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Vernor Vinge

Vernor VingeAKA Vernor Steffen Vinge

Born: 10-Feb-1944
Birthplace: Waukesha, WI

Gender: Male
Race or Ethnicity: White
Sexual orientation: Straight
Occupation: Author

Nationality: United States
Executive summary: A Fire Upon The Deep

Science fiction author Vernor Vinge is a retired math and computer science professor, formerly of San Diego State University. His former wife, Joan D. Vinge is also a science fiction writer. Vernor Vinge is best known for his Hugo Award winning novel A Fire Upon the Deep (1992) and for his related essay "The Technological Singularity" (1993). Both works propose that within the very near future computer technology will arrive at a point at which computers can check and rewrite their own programming. This development will lead almost immediately to the emergence of superhuman sentient beings, leading in turn to a megatransformation of all technology and culture so vast that its ramifications cannot be predicted or described from this point in time as they are beyond ordinary human powers of conception.

Vinge, who expects the singularity to occur by 2030, also predicts that this singularity, and its resultant superintelligences, will put an end, one way or another, to the human race as we know it -- the new superbeings will eliminate humans, transform humans, or possibly merely enslave them. Other works of note include his breakthrough cyberspace novella True Names (1981), The Peace War (1984), and Marooned in Realtime (1986), A Deepness in the Sky (1999), and the novellas, "The Cookie Monster" (2004), and "Fast Times at Fairmont High" (2002). The latter tale depicts a super high tech future in which everyone, including its eighth-grade protagonists, are networked in a wireless-direct-mind-link.

Vinge first broke into print with "Apartness" a short story that appeared in Analog Science Fiction in 1965. But it was the following year with the publication of "Bookworm, Run!", in which a chimpanzee receives a high-speed mental link to a huge computer database, that he introduced the concept of intelligence amplification and the potential for singularity. Like most science fiction writers breaking into the businesss, Vinge subsequently continued to focus on short fiction. His first novel, Grimmís World, didn't appear until 1969.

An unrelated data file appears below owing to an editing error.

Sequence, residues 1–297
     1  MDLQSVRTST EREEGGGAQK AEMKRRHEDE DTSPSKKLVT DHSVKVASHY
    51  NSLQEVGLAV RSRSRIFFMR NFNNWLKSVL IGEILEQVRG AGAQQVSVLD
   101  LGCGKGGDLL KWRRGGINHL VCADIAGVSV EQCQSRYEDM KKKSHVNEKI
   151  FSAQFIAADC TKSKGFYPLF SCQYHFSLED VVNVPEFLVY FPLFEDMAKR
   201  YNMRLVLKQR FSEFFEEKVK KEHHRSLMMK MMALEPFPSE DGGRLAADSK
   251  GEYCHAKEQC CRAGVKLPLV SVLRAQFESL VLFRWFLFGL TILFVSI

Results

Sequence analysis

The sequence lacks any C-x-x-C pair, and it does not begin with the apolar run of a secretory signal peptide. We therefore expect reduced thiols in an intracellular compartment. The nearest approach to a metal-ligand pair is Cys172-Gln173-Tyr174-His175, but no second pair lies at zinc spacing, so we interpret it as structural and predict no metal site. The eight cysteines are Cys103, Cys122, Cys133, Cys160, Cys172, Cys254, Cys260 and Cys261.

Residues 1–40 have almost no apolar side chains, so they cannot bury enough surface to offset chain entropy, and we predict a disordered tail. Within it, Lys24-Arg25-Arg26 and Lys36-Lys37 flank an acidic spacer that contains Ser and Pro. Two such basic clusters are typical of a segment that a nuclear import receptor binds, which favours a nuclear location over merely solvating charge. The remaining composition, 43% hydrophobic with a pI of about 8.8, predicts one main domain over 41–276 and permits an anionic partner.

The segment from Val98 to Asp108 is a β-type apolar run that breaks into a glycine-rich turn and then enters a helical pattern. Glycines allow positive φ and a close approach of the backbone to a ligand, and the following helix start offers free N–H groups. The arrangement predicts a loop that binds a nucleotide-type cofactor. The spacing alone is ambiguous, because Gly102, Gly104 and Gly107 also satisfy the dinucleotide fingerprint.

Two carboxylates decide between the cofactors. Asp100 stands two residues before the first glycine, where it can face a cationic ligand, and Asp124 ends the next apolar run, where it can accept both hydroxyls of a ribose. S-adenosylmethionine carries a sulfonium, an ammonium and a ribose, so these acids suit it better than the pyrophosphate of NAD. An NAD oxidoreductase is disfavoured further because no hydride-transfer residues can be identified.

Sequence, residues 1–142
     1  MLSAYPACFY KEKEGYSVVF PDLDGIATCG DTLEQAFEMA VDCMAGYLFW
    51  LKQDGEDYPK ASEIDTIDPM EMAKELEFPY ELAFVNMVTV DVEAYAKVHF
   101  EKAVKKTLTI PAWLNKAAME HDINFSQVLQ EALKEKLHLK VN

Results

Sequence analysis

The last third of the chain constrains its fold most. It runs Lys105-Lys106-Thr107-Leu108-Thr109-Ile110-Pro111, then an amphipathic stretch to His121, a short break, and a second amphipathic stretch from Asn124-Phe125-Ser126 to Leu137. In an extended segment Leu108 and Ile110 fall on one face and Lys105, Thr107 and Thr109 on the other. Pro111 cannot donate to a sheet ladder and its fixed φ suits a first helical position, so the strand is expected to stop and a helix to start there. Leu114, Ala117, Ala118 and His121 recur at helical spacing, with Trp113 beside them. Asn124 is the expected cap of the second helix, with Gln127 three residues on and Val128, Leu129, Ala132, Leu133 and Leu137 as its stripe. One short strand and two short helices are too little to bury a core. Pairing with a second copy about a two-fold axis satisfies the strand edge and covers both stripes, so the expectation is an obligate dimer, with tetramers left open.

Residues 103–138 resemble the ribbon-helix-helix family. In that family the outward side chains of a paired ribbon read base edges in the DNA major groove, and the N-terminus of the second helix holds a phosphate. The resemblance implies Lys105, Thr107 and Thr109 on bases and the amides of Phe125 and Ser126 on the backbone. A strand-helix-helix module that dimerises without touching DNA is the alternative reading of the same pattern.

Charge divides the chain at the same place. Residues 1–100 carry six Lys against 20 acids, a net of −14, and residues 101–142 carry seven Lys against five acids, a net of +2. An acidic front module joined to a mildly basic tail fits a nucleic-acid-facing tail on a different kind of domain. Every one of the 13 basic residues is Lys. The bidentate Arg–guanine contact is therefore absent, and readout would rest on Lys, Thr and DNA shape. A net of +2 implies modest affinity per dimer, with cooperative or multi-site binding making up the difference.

By 1981 however Vinge had captured attention with his novella "True Names", a startling new vision of what William Gibson would later dub "cyberspace" -- and a reality that turned out to be only a few years down the road for computer users. In fact, Vinge likes to joke about the fact that when the story was first published, a friend told him the story was "too far out". However, when the same friend reread the story just four years later she described it as "really too conventional".

But while his computer-oriented tales of the future have gained him the most attention, Vinge is certainly no one-note wonder. His short fiction is broad ranging, and he is remarkable for his startling inventiveness and range of imagination. In The Peace War (1984), and Marooned in Realtime he introduces the concept of the "bobbles", strange silvery forcefields with varied practical applications, including time travel. And in A Fire Upon the Deep and other tales he employs the device of "Zones of Thought" in which technology and sentience reach higher levels of development the further you move from the center of the galaxy.

Vinge also has a knack for building on his ideas. Thus A Fire Upon the Deep incorporated many of the above concepts into a grand magnum opus that took these concepts, and their repercussions to a new level -- all while peppering them with ideas that any lesser writer would have built an entire book around. But Vinge notes that unlike the writers during science fiction's Golden Age or NewWave periods, he and other contemporary writers who dabble with futurism and hard science are fiercely challenged in their bid to come up with such new ideas: actual scientific developments are outstripping the pace at which writers can imagine new ones. Thus while A Fire Upon the Deep drew kudos for depicting a UseNet system of interstellar communication; Vinge found himself faced with a problem when trying to write a sequel to the Hugo winning novel -- how can you write a sequel about "future technology" that has already been rendered obsolete?

Father: Clarence Lloyd Vinge (geography professor)
Mother: Ada Grace Rowlands (geographer)
Wife: Joan D. Vinge (m. 17-Jan-1972, div. 1979)

    High School: Okemos, MI
    University: BS, Michigan State University (1966)
    University: MA, University of California at San Diego (1968)
    University: PhD Mathematics, University of California at San Diego (1971)
    Professor: San Diego State University, San Diego, CA (1972-2000)

    American Mathematical Society
    Science Fiction Writers of America
    Hugo 1992 for A Fire Upon the Deep
    Hugo 2000 for A Deepness in the Sky
    Hugo 2007 for Rainbows End

Author of books:
Grimm's World (1969, novel)
The Witling (1976, novel)
True Names (1985, novel)
Tatja Grimm's World (1987, novel)
True Names... and Other Dangers (1987, collection)
Threats ... and Other Promises (1988, collection)
A Fire Upon the Deep (1992, novel)
A Deepness in the Sky (1999, novel)
The Collected Stories of Vernor Vinge (2001, collection)
Marooned In Realtime (2004, novel)
Rainbows End (2006, novel)


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